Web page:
It’s well-documented that girls today reach menarche earlier than previous generations. A century ago, it was common to experience one’s first period at 16 or 17; today, that’s regarded as so late that medical examinations are often conducted to reassure parents and girls that their development is normal. The typical North American girl sees her first period at age 12, give or take a few months.

Many explanations have been posited for this phenomenon; personally, I’ve long suspected that a primary cause is endocrine disruptors that are the hormones used in raising beef and dairy cattle as well as chicken in this country. Also, girls today typically achieve the minimal body fat necessary to menstruate at younger ages, due to improved health and nutrition. Now a new study suggests that it is not merely consumption of meat that lowers the age of menarche, but the high content of zinc and iron in a meat-rich diet.

Oddly, the lead researcher is quoted in the news story as saying, “These results add to the evidence that it is healthiest to avoid diets containing very high amounts of meat,” but also that there is no need for young girls to cut their meat intake. (I haven’t yet been able to locate a copy of the actual study.)

Menarche at the Movies

Film, Independent Film, Media, Menarche, Studio Film

Only Yesterday DVD cover/movie posterI’m not an expert in Japanese anime films, but I am pretty knowledgeable about the representation of menstruation and menarche in films in the English-speaking world, especially the U.S. So I was surprised to read in this review/story about the Isao Takahata film, Only Yesterday, that the reason the film won’t be distributed on DVD in the U.S. because there is a menarche scene.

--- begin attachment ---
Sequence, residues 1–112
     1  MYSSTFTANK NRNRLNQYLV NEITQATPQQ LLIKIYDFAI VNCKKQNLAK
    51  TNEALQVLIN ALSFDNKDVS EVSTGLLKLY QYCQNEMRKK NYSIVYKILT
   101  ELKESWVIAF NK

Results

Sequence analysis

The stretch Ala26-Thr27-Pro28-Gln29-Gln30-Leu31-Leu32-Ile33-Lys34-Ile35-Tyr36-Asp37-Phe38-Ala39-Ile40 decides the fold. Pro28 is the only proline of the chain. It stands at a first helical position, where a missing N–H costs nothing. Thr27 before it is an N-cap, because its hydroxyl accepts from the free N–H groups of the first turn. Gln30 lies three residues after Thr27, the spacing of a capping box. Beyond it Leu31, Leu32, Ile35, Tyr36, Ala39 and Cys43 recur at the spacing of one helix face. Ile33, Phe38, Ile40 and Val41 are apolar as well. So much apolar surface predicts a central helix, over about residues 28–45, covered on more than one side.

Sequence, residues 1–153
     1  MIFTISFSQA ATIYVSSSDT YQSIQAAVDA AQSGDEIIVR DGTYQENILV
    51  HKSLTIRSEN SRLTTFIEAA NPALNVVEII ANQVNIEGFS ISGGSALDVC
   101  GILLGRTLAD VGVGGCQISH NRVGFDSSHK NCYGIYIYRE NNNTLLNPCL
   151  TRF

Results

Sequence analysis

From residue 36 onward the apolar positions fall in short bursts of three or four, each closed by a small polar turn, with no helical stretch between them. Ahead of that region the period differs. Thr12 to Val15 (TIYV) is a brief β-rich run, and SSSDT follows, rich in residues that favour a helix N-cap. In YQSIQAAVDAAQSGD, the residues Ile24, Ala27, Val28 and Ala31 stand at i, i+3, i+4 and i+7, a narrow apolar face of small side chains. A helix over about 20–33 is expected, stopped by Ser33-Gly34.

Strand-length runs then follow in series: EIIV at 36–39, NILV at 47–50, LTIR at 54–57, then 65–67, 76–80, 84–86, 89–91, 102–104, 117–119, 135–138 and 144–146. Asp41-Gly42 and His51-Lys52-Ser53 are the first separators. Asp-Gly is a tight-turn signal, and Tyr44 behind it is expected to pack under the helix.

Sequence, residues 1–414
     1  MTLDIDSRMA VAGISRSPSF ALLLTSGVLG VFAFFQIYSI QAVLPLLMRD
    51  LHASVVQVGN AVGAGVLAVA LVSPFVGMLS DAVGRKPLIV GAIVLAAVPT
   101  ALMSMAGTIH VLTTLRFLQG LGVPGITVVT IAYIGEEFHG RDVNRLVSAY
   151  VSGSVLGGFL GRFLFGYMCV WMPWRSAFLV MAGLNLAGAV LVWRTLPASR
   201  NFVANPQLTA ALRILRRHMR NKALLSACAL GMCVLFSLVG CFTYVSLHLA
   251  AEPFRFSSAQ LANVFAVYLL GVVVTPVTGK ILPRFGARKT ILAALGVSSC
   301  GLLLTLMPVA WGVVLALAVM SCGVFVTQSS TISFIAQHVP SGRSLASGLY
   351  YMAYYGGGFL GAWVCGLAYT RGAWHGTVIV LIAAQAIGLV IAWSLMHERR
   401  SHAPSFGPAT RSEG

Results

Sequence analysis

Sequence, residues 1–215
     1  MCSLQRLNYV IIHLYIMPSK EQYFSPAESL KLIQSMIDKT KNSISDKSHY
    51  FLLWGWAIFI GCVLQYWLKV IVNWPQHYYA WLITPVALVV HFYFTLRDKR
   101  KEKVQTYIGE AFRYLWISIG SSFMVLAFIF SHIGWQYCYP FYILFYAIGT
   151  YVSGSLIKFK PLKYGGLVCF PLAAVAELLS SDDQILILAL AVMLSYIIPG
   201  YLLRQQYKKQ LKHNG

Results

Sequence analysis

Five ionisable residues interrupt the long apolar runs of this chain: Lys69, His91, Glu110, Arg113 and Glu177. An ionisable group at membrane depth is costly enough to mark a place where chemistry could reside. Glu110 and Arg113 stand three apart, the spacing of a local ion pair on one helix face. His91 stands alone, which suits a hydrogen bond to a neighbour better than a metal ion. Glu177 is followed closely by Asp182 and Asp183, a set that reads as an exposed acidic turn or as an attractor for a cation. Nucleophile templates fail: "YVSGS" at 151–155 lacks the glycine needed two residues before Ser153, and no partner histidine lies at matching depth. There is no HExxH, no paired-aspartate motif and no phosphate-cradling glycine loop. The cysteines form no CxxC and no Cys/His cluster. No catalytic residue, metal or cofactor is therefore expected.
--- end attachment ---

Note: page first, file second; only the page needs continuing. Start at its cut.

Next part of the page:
The reason Only Yesterday has not been released on DVD in the United States, and never will be in the near future, is because it includes references to menstruation. Disney has a distribution deal with Studio Ghibli, but decided it could not release the film because of this. And Studio Ghibli included a clause in their contract which stated the scene could not be altered. Removing this scene would have been detrimental to the film, also foolish. This is I’m sure a fundamental part of growing up for females, and the point of its insertion is that the ’82 Taeko is changing just as she was changing in 1966. She must learn to accept these changes, not reject them, and it is an issue she faces at both periods in her life. (no pun intended)

Menarche has been used in other films to communicate the same kinds of messages; as I argued in Capitalizing on the Curse, that was part of the purpose of Vada’s menarche in My Girl. This is a turning point in the film, in which Vada realizes that she is a girl, will develop into a woman, and must abandon her childhood pastimes – including her friendship with Thomas J.

Menarche scenes occur in other films as well, with similar plot functions, but usually the actual bleeding takes places off-camera, as in My Girl. (A Walk on the Moon is a notable exception.) I can’t tell from the review how explicit menstruation is in Only Yesterday, but given the description of the rest of the film, it’s hard to believe it justifies blocking U.S. release of the movie.